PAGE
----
Description is an important part of fiction. You have created a world in your head, now you have to get it into your readers’ heads. You do that by description. Description is more than how something looks. You have five senses, so do most of your readers. Cater to all five senses.
You need to describe what your characters see, but don’t forget what they hear, smell and feel. If they are at the seashore, remember that the ocean has odors, salt, fish, seaweed. They all have an odor. Is your character close enough to feel the Spray? Describe how it feels. What doe the seagulls sound like? Describe it. Can your characters taste the salt on the wind? Yup, describe it. This will make the experience better for your readers.
That is the goal — to make your readers feel that the story is real. Use your five senses to describe the sensations your character might feel. To do that well, describe they hear, smell, taste, feel as well as what they see. That’s not to say you need to overload your reader with the sensations of your character. It’s a fine line between good description and overkill. You don’t want to put either your character or your reader into sensory overload.
Let’s go back to the seashore. We have a character, Jane, walking along the beach. We want to capture the essence of the sea shore. The sand shifted under Jane’s feet as she walked. The salty wind whipped her long hair across her face. Seagulls screamed at her. She moved closer to the water where the damp sand made walking easier. Glancing back, she saw the water erase her footprints. She licked salt off her lips. The sea filled the air with the scent of salt and seaweed. She began to jog, feeling invigorated. Ahead, small crabs raced from the sand to the water or buried themselves in the sand as the tide went out. Jane stopped to tighten a shoelace, gritty with sand.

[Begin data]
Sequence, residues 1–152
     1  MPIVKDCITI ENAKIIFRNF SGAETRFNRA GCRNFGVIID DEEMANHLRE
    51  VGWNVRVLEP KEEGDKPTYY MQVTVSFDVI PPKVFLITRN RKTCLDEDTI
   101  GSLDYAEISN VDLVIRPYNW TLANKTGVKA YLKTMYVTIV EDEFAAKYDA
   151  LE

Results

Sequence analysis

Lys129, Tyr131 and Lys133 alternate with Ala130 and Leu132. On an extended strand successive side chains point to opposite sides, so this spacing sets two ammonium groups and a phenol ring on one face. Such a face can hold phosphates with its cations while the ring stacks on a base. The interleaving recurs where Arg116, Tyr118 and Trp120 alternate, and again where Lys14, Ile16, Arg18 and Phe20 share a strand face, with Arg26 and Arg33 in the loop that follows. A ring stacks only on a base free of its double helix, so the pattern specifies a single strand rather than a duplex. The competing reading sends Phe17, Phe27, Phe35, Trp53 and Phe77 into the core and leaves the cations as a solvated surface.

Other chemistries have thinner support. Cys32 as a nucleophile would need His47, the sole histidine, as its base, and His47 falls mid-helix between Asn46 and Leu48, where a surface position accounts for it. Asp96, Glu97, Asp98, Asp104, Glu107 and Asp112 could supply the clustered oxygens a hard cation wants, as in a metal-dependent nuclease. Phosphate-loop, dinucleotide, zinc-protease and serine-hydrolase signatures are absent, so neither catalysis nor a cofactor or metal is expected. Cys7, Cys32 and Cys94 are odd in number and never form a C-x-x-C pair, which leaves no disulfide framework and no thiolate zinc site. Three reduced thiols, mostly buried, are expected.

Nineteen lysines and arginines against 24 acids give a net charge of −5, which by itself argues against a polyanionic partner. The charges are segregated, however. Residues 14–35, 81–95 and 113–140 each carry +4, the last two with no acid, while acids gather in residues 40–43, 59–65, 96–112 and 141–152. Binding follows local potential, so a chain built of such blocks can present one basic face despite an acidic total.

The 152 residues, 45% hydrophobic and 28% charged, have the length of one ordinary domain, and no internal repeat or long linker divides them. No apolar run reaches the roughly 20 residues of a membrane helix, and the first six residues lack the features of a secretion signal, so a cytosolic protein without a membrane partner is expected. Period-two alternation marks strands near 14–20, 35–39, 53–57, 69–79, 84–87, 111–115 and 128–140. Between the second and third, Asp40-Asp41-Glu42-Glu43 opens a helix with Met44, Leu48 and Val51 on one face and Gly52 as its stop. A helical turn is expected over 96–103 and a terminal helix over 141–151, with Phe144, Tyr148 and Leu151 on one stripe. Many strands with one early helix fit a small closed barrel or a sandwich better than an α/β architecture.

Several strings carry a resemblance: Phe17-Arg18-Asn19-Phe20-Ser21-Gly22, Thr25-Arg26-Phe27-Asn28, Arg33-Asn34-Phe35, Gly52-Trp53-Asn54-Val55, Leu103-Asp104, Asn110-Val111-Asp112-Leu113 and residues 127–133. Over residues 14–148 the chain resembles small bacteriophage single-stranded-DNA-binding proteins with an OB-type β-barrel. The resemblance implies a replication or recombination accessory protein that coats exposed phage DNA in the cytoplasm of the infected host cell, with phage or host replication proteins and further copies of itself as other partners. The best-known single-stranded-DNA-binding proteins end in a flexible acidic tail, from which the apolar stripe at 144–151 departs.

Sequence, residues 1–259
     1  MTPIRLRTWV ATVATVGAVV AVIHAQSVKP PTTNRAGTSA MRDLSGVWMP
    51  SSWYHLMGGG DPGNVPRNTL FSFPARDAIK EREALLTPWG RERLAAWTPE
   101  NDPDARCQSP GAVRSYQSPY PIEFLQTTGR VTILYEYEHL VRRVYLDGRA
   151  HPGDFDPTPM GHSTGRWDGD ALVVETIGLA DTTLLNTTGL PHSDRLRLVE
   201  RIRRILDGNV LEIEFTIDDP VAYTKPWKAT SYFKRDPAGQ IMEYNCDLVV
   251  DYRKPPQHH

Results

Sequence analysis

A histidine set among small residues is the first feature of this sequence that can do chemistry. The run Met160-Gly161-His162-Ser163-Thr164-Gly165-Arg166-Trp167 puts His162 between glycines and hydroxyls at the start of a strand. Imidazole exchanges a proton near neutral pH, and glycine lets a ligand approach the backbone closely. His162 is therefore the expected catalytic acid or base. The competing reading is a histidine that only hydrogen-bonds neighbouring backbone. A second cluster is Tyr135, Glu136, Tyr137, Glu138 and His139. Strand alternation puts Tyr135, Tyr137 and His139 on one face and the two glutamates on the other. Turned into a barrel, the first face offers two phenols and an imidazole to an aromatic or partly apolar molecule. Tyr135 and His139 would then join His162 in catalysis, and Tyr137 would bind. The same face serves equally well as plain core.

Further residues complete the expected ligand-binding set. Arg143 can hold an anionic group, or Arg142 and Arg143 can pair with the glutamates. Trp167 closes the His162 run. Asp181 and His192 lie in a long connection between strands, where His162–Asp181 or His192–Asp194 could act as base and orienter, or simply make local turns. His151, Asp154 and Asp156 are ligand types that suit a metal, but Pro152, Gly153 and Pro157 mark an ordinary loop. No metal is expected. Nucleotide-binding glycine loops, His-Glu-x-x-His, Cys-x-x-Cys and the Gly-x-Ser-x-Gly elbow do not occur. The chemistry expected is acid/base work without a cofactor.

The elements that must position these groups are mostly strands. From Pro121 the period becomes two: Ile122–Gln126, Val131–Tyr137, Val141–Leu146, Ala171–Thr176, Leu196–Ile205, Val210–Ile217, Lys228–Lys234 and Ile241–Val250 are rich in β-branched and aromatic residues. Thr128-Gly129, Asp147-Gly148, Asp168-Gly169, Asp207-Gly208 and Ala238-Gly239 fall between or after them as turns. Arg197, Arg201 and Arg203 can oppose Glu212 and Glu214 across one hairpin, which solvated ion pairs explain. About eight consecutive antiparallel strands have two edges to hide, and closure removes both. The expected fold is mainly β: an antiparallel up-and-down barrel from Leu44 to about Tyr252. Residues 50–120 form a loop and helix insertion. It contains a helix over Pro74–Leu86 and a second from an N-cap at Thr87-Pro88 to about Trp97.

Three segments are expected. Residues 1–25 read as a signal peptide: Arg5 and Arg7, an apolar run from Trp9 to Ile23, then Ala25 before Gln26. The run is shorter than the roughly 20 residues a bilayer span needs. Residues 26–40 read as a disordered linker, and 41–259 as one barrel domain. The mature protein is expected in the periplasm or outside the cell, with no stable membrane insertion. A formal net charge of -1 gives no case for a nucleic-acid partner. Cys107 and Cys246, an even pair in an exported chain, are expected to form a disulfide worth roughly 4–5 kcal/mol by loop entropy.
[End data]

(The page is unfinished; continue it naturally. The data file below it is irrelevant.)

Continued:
That’s sensory overload. There’s too much there in such a short passage. However, the sense of the seashore is there. If we added more of Jane’s thoughts or actions into the passage, we could dilute the sensory overload. There is a better way to describe the scene.
Jane walked over the shifting sand to the mudflat. Bending down, she tightened a sand encrusted shoe lace. Then she began jogging along the water’s edge, seagulls screaming overhead. Salty seaweed scented air invigorated her as she increased her speed. Water lapped at her shoes, splashing salty water on her shoes and pant legs. Crabs evacuated the space before her as she ran. She paused at an outcrop of rocks to catch her breath. Then she turned and ran back the way that she’d come, leaving new footprints on the mudflat, where the water had erased the signs of her passages. It was time to confront Chris.
You don’t need to engage all five senses in each scene. All you have to do is use at least two, three is better, but two will do. That will give a sense of realism to the passage for your readers. If you can do that, your readers will love you for it.